Modernizing the Real Estate Exchange Process
As far as most people can recal, Metro Vancouver homes have been the priciest in Canada. They were expensive in 2007 before the financial crisis, and as prices continued to climb we started calling it a housing crisis 2015. Since 2015, prices have risen another 50%.
Home prices have now reached levels where 81% of the homes for sale in Metro Vancouver are only affordable to the wealthiest 17% of households. It means that if we change nothing, more than 83% of the next generation will never own a home.
We’ve all heard people blame lack of supply and speculative demand as key issues driving unaffordability. I believe both supply and demand are to blame, but no one is looking closely at the exchange process between sellers (supply) and buyers (demand). The exchange process is a key contributor to the crisis and that modernizing it is a key to achieving affordable homes.
This article explains the key issues with the exchange process and provides recommendations on two types of improvements that can be quickly implemented:
The MLSⓇ system should be made accurate and complete.
Real Estate practices should be more ethical.
Simply put, the MLSⓇ system is a poor one for managing housing inventory. It is more akin to a classifieds website than an inventory management system. Why is this an issue? Can’t we just buy houses like we buy cars on Craigslist?
MLSⓇ’ inaccuracy is important because three key stakeholder groups rely on reporting from MLSⓇ to make some of most impactful decisions in their lives and for the economy. Who are these stakeholders and what do they use MLSⓇ for?
Home buyers depend on MLSⓇ for accurate and transparent information about local markets and to assess fair prices for homes.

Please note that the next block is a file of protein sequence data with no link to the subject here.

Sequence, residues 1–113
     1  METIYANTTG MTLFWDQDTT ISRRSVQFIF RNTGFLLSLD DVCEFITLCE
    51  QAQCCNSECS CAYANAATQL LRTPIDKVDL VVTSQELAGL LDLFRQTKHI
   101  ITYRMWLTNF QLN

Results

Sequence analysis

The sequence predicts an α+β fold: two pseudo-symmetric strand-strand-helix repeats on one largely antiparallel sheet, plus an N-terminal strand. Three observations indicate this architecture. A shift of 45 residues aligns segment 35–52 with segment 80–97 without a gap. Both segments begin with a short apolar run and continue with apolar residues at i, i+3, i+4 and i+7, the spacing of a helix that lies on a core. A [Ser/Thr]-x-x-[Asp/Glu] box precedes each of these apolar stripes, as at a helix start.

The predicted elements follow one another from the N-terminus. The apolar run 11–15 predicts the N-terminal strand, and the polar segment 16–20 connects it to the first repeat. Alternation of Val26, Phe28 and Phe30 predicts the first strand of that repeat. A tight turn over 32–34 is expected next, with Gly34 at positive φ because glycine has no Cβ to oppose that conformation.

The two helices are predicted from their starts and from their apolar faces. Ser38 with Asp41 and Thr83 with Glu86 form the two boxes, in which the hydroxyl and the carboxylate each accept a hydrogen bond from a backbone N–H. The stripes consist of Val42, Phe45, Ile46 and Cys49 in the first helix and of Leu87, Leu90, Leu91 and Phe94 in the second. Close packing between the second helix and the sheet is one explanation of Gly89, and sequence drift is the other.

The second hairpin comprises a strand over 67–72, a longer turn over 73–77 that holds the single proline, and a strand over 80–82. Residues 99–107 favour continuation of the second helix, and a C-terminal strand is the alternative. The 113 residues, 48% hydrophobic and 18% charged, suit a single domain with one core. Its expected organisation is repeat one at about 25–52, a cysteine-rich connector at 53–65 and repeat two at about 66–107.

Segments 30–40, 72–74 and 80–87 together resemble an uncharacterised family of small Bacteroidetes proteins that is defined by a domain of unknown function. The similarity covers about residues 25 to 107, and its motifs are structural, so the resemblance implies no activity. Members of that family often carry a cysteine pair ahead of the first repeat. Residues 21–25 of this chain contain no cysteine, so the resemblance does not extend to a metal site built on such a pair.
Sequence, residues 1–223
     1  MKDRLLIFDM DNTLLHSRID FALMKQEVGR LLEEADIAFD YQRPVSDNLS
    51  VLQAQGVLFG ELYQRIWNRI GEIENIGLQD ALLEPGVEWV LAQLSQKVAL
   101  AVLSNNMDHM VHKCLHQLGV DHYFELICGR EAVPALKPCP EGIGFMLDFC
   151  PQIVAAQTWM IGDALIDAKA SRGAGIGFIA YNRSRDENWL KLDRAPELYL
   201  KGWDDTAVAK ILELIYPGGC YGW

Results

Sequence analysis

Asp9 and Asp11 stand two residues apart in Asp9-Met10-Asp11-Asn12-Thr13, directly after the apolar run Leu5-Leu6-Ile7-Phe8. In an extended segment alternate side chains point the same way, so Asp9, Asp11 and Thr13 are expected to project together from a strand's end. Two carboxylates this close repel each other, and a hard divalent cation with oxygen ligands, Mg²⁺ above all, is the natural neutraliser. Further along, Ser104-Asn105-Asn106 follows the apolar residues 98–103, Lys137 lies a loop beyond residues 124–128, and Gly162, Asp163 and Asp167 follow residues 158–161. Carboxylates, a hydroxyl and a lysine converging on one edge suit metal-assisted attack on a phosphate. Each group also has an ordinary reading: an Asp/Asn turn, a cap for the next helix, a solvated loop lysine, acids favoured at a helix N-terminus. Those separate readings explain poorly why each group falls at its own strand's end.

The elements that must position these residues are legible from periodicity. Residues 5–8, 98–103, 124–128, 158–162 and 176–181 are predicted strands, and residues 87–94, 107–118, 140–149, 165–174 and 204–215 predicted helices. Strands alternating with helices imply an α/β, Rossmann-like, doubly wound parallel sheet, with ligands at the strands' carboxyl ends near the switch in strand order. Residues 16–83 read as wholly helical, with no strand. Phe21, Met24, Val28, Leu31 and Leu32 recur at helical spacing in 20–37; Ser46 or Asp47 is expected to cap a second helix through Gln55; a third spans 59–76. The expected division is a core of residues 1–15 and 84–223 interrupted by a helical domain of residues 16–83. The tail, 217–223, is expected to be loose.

Government and central bank policymakers responsible for monitoring risks use this data to inform housing and interest rate decisions.
Industry forecasters, economists, and senior bank employees use MLSⓇ to evaluate risk in the housing market and tighten or loosen lending policy.
What’s wrong with MLSⓇ?
Though it’s appearance could definitely use some improvement, that doesn’t affect the valuable information it provides. There are two major issues with the data in MLSⓇ:
Pre-sales are not included
There are no controls on cancelling and relisting homes
Today, the following key statistics from MLSⓇ are materially inaccurate: active listings, new listings, sales, and benchmark price. This is because pre-sales are not listed. Pre-sales make up 1 in 3 homes sold, but it’s almost impossible to know exactly how many are sold or their prices. The addition of pre-sales would allow stakeholders to get a more accurate and transparent representation of the market through MLSⓇ.
Next, the key stat for determining the aggressiveness of buyers – average days on market – is distorted by the ability of realtors to cancel and relist (recycle) a property listing. There are instances where a single property listing has been recycled more than 6 times in one year. Recycling listings make the “days-on-market” figure meaningless since this has no bearing on the number of days homes have actually been for sale.
Recycling listings makes the housing market look far hotter than it is and encourages buyers to offer more money, move more quickly, take greater risks, and drive up prices. The chart below shows that in the City of Vancouver the number of dropped condo apartment listings has been trending upward over the past three years. It used to lie between 8-15% with spikes in December because sellers don’t want to host open houses during the holidays. It has risen alarmingly in the last year and has averaged almost 25%. Interestingly, this increase has coincided with a reduced sales activity in the housing market. Are agents deliberately canceling listings to relist them and make them appear new and more attractive?
Modernize MLSⓇ to provide complete and accurate information
- Add all pre-sales into MLSⓇ so that all the supply data is accessible from one source.
- Raise ethical standards for canceling/relisting of listings.
- Modify MLSⓇ so that if a home was listed within 9 months of a new listing, the original list date and days on market is presented.
The housing market has evolved from facilitating local property purchases to a global market where houses are traded as commodity investments, but real estate sales practices have not kept pace with the change. Examining sales practices prohibited for investment brokers and comparing them to common practices in real estate paints an alarming picture.
Define new ethical standards for Real Estate
Prevent Market Manipulation by:
- Prohibiting practices intended to manipulate the market
- Require a mandatory minimum of 10 business days to secure financing and obtain property inspection
Prevent Illegal Representation by:
- Prohibiting guarantees or high certainty of investment return